In Australia & other places – for Class 2/1 post “Our Class Bears”

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Class 2/1 = Our class bears

Hello 2/1,

Lily – I have never been to Brighton but I recognised the Brighton Pavilion and Brighton Pier from photos I have seen. It looks like you and Eleanor had fun. 🙂

Douglas and Max – The party looks like you had fun. I’m sure Max enjoyed being with you. 🙂

Douglas and Cara – Did Skyla or Max come along to keep you both company? Seeing penguins can be very interesting. I have seen them in Australia and New Zealand. If you see them underwater, they look as though they’re flying through the water. There’s even a colony of little penguins not too far from where I live. Here is a photo of a crested penguin I took in New Zealand.

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Douglas and Skyla – When I was in London, I made sure to visit the Science Museum and also have a photo of The Rocket. There were so many interesting things to see.

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Lily in Australia? I hope you had a wonderful time. Koalas do tend to sleep 20 to 22 hours a day but that’s because the eucalypt leaves they eat take some time to digest and aren’t packed with energy.

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Baby koalas (joeys) are born about the size of a peanut but grow in their mother’s pouch. When they are big enough, the babies start looking outside the pouch. If it’s okay for you to watch, here is a link to a video clip I made of Suzie the koala and her baby girl’s first look at the world.

Douglas and Charlie – I also visited the Natural History Museum and found it interesting. I see you are pictured with a whale model. Each year whales migrate along our coastline. From my town people can take boat or plane rides to see them. I didn't have a whale photo handy so I'll share one of dolphins I took from the beach.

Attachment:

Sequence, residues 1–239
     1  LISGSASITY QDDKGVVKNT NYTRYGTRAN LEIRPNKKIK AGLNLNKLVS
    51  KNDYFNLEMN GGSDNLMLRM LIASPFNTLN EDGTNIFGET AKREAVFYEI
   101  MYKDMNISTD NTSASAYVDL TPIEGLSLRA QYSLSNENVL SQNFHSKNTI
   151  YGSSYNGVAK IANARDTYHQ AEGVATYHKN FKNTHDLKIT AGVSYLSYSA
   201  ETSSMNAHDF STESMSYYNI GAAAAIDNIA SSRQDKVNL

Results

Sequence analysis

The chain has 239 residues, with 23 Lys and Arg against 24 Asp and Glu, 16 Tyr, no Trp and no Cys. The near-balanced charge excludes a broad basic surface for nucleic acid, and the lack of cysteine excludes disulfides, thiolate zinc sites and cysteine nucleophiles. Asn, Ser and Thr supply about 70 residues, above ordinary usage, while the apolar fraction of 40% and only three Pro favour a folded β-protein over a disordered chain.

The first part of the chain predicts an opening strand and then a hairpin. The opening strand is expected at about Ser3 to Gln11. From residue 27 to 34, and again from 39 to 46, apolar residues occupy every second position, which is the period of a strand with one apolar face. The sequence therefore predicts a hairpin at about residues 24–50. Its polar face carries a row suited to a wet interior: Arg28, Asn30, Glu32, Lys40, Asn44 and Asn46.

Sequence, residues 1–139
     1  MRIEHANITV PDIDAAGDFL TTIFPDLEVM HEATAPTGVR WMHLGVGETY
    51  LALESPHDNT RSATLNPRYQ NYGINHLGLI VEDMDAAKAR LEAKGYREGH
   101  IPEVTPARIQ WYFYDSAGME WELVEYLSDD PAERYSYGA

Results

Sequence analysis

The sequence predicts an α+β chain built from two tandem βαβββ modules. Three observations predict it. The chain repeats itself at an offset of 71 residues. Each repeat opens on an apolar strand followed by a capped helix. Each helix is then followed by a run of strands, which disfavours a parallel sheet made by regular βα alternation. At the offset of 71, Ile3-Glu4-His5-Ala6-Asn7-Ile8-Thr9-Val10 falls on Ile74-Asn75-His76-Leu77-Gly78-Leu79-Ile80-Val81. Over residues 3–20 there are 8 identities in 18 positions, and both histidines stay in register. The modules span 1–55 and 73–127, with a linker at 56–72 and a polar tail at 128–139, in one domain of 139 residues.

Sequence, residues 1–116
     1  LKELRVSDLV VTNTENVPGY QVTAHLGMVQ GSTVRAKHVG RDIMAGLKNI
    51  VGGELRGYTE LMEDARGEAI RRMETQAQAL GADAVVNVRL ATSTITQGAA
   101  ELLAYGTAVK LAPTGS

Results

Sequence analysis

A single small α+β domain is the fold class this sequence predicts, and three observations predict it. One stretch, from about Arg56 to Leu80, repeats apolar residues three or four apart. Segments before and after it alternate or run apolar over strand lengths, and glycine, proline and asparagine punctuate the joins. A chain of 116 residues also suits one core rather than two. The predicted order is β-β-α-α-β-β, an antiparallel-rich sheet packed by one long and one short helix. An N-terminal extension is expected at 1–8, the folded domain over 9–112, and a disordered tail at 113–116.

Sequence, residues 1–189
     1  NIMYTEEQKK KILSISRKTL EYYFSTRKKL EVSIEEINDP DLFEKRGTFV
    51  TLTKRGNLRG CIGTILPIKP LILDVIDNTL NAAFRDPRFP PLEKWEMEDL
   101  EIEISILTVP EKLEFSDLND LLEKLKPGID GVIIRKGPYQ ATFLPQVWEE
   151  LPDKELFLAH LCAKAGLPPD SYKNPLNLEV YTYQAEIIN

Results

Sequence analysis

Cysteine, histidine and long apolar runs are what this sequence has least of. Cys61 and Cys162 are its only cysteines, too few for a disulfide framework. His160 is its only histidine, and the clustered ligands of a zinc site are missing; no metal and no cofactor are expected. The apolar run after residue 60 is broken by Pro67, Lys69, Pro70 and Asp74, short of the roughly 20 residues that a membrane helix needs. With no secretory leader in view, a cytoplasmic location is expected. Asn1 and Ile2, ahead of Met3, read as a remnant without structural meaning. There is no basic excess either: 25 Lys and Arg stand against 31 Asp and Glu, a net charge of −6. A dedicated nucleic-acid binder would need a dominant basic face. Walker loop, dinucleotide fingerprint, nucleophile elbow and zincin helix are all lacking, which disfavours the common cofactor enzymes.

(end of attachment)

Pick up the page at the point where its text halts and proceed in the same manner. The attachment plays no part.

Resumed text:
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News from Lily – Wow! You certainly have been doing some travelling. Canberra is the closest city to where I live on the coast but it is a three hour drive from here. Snakes are a part of Australian wildlife. While out walking, I have seen diamond pythons (non-poisonous) , eastern browns (poisonous), black snakes (poisonous), and tiger snakes (poisonous). Around here, black snakes are the most common but they are shy and would rather keep out of our way. Here is a photo of Olivia. She is an olive python (non-poisonous) and is being held by a friend in a nature reserve...

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Crocodiles aren’t native to my area because they like warmer places but I have seen them. I also have seen many types of lizards in my area, the largest being goannas. Here is a collection of four I've photographed. The goanna is bottom left.This one was over 1m long...

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I see you are pictured with one of our flowers, although it isn’t a bottlebrush. They flower is a banksia. There are many types here and are beautiful to photograph. Here is a banksia I photographed near my home...

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Meeting an emu… When I was teaching in western New South Wales, I often saw emus. Did you know it’s the fathers that look after the babies? Mother emus lay their eggs in nests then leave. The fathers then take over. Sometimes a father emu looks after a crèche of babies. I can remember once seeing a father emu with about 15 babies following They are magnificent birds second in size to the ostrich (not a native bird here).

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We have termite mounds in my area but the biggest are to be found in northern Australia. The redness of the soil out has to do with iron in the soil (rust). We have red soils and ironstone in my area because millions of years back we had volcanoes around here.

@RossMannell

Teacher (retired), N.S.W., Australia

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